With the slow shift of authority from Moscow to the republics and the growth of cultural self-awareness, Yakut-Sakha has gained a new autonomy. Unfortunately, as before, the autonomy may be in name only. Although local authorities declared independence in 1990 and renamed the region Yakut-Sakha Soviet Socialist Republic, what that means is under dispute. Originally there was talk of political separation from Russia, which would give the republic control over its own resources. Now, the goals have become more moderate. According to Balzer, Sakha scientists and recently elected young Sakha politicians have been negotiating for a 25-30 percent share of gas, oil, and gold resources. Still not clear is who the real beneficiaries will be of greater autonomy. Russian Republic President Boris Yeltsin has talked about greater autonomy for Yakut-Sakha, but who will be a charge if it is won - the Slavic majority, former Communist Party elites, minorities, or a new elite?

Perhaps the main issue facing Yakut-Sakhas is who will control their destiny and how. Who has the capacity to improve conditions, and how will they accomplish it? Will they just sell off the local resources at higher prices, this time to multinationals and foreign governments? Will Japanese and American firms come and carve up what is left of Yakut-Sakha, as some locals fear?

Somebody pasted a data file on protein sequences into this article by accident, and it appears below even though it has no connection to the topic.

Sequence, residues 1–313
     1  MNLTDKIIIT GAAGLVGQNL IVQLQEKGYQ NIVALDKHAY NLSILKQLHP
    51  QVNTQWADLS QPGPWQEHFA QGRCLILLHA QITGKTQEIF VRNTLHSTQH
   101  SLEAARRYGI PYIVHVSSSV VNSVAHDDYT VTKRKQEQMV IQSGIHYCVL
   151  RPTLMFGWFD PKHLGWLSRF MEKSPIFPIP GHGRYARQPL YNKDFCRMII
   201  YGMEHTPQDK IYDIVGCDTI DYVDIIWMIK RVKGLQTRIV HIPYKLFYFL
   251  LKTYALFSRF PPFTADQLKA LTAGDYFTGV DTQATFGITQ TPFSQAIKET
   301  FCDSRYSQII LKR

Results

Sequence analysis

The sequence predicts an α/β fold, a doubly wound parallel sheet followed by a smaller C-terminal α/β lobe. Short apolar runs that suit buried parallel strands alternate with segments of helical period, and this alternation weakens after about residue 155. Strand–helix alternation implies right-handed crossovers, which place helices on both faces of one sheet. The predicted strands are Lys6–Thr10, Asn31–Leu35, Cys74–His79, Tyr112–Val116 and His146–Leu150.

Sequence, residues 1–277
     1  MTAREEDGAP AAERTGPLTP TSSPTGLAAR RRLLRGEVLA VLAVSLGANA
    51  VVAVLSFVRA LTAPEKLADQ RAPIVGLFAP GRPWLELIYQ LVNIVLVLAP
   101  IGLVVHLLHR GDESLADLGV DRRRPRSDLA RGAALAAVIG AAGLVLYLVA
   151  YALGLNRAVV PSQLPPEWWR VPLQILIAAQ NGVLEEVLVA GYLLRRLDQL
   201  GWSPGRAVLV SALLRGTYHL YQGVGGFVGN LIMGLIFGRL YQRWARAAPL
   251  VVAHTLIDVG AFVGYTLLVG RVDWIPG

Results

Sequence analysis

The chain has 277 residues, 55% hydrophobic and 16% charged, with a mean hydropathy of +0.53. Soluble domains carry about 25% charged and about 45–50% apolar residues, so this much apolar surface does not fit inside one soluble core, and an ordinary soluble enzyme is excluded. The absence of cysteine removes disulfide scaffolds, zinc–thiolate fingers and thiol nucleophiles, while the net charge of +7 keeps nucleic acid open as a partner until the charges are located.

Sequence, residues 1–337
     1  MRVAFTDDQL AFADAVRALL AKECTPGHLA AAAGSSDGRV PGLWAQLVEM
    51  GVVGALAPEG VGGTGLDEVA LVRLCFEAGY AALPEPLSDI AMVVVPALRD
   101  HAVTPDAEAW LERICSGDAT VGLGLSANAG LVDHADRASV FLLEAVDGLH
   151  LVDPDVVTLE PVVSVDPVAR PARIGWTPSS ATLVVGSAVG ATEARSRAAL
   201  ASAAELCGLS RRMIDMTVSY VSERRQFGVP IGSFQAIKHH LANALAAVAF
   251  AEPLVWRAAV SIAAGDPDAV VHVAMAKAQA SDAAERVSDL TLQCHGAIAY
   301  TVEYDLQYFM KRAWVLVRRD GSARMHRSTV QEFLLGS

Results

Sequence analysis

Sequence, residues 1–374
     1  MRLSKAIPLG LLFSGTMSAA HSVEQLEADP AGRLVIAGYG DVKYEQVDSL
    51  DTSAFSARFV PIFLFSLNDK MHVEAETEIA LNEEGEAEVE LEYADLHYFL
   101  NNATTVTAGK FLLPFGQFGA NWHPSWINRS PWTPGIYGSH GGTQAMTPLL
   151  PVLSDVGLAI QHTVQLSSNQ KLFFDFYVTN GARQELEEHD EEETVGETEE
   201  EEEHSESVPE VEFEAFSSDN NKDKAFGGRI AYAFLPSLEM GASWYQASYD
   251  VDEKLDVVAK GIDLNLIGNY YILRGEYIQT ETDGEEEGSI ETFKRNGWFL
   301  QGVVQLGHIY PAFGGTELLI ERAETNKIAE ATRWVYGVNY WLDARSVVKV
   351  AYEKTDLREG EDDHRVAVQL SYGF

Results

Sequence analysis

Some Yakut-Sakha say that foreign attention, like that of Russians before, focuses on Yakut-Sakha because of the strategic value of its raw materials. Recent events suggest that the Yakut-Sakhas may be right. In April 1991, the South Korean company Hyundai won an agreement to mine Yakutian coal. In June, Japan's Tokyo Boaki Ltd. and a U.S. firm signed contracts to export natural gas. And in July, Mitsubishi opened a branch office in Khabarovsk, Siberia, with plans to serve the region, including Yakut-Sakha. According to the Foreign Broadcast Information Service, Moscow Radio has reported that the new Russian government, with the participation of companies like Mitsubishi, plans "to turn the entire Soviet Far East region into a district in which free enterprise activities can be practiced."